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How Al Qaeda lit the Bali fuse: Part three

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There, Samudra learned the handling of assault rifles, rudimentary bomb construction, and the importance of maintaining secrecy in terrorist operations. Then he went to the front.

He stayed until mid- 1993, when he moved to Johor, Malaysia. The core group of operatives who would coordinate JI's terror attacks (Hambali, Ali Ghufron alias Mukhlas, Jabir, the Malaysian Professor Azahari bin Husin) were spending time here, as were the organization's spiritual leaders.

Samudra was now a made man himself. By 1998, the Suharto dictatorship had fallen, and trained operatives like Samudra were looking for an excuse to use their skills.

The right venue

The Maluku conflict provided it. Some time in 2000, Samudra opened a small training camp for would-be jihaddis in his home province of Banten, not far from Jakarta.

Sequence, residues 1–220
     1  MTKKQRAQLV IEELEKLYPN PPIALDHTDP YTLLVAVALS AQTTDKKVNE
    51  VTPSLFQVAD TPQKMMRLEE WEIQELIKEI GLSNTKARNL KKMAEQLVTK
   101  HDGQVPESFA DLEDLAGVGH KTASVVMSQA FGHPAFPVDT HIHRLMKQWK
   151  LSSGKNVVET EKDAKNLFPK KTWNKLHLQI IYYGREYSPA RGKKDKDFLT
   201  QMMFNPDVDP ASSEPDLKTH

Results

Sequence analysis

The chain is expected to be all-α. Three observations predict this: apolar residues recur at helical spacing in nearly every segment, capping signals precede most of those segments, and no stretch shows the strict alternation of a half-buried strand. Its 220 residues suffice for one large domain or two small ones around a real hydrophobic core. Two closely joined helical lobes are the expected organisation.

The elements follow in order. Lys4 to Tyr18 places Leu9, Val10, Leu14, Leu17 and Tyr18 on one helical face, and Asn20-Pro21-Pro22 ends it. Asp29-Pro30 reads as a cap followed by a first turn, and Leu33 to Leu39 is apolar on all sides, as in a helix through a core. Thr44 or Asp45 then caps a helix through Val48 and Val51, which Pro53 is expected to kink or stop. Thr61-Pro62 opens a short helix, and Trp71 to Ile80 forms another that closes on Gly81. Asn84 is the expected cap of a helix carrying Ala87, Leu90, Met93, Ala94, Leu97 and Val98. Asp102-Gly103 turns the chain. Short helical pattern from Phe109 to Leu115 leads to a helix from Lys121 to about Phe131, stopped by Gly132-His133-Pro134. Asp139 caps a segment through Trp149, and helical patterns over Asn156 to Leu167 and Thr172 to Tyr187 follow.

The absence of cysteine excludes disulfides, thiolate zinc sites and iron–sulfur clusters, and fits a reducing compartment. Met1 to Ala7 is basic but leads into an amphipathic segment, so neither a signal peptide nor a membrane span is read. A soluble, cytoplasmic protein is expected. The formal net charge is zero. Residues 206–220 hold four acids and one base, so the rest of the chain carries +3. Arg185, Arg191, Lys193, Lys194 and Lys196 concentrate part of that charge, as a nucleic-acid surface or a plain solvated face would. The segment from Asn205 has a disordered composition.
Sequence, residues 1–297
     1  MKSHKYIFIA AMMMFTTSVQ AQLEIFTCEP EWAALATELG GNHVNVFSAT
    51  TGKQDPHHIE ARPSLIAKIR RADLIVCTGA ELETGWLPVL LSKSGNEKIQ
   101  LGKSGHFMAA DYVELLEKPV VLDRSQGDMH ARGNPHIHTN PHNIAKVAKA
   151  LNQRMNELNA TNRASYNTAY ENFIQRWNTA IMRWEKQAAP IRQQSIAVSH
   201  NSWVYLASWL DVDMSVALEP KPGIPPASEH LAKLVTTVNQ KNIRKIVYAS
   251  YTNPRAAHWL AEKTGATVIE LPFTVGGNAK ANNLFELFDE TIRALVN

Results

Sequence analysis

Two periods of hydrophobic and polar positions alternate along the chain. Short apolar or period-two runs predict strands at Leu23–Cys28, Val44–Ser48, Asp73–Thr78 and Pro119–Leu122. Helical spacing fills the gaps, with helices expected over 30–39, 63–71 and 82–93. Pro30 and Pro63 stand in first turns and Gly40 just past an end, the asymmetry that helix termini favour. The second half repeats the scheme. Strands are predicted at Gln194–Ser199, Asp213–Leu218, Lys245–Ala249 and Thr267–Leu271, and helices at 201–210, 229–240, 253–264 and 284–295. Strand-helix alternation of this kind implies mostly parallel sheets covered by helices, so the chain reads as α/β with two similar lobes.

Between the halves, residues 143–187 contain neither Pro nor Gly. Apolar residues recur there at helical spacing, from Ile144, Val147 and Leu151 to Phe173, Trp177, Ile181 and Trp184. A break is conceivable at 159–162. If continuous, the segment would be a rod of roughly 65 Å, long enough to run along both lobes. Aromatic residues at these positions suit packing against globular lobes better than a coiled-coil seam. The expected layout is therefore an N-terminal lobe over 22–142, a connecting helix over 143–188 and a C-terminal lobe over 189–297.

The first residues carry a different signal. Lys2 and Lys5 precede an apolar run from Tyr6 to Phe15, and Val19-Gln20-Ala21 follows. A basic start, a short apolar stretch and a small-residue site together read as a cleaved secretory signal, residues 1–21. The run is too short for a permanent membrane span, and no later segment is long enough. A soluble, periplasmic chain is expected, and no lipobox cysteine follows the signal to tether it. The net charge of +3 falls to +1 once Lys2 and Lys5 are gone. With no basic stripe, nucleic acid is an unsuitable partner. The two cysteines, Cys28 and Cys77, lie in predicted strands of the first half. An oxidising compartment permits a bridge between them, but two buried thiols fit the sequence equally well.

He traveled to Muslim schools and talked about Christian atrocities in Maluku. He showed videos depicting brave fighters protecting Muslim villagers, and urged the young men to take up arms. Samudra also peddled bizarre conspiracy tales: One of his favorites was about a Muslim girl named "Wawa." Samudra would tell listeners that she was raped by a priest as part of a national Christian strategy to impregnate Muslim women with "Christian" babies.

''This world is in the middle of a crusade,'' Samudra said, explaining his position to police interrogators. "After the attempts at 'Muslim cleansing' in (Maluku), it became clear that the people of the cross (Christians) will wipe out Muslims if the Muslims are too tolerant."

In late 2000, he approached Amrozi, the brother of JI leader Mukhlas, and asked if he could obtain explosives for the jihad in Ambon, according to Amrozi's deposition by police.

As a consequence, Amrozi struck up a relationship with a corrupt chemicals dealer in the East Java town of Surabaya. He would be used again for the Bali blast.

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